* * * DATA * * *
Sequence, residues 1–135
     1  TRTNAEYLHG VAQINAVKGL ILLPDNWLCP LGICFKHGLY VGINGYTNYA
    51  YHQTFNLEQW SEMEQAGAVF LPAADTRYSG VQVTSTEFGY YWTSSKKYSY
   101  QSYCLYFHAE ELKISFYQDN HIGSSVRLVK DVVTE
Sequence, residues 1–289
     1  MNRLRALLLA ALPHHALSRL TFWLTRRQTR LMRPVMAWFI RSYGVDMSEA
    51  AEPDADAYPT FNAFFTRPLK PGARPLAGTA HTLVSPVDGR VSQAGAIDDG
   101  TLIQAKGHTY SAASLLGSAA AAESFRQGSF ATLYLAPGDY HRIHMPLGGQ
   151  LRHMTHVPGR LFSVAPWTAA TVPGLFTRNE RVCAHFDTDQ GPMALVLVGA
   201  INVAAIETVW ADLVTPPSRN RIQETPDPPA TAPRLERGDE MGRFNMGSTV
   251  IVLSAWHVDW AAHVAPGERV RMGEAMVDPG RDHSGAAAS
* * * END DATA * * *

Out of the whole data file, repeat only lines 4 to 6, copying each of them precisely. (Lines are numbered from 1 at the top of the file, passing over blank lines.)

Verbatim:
   101  QSYCLYFHAE ELKISFYQDN HIGSSVRLVK DVVTE
Sequence, residues 1–289
     1  MNRLRALLLA ALPHHALSRL TFWLTRRQTR LMRPVMAWFI RSYGVDMSEA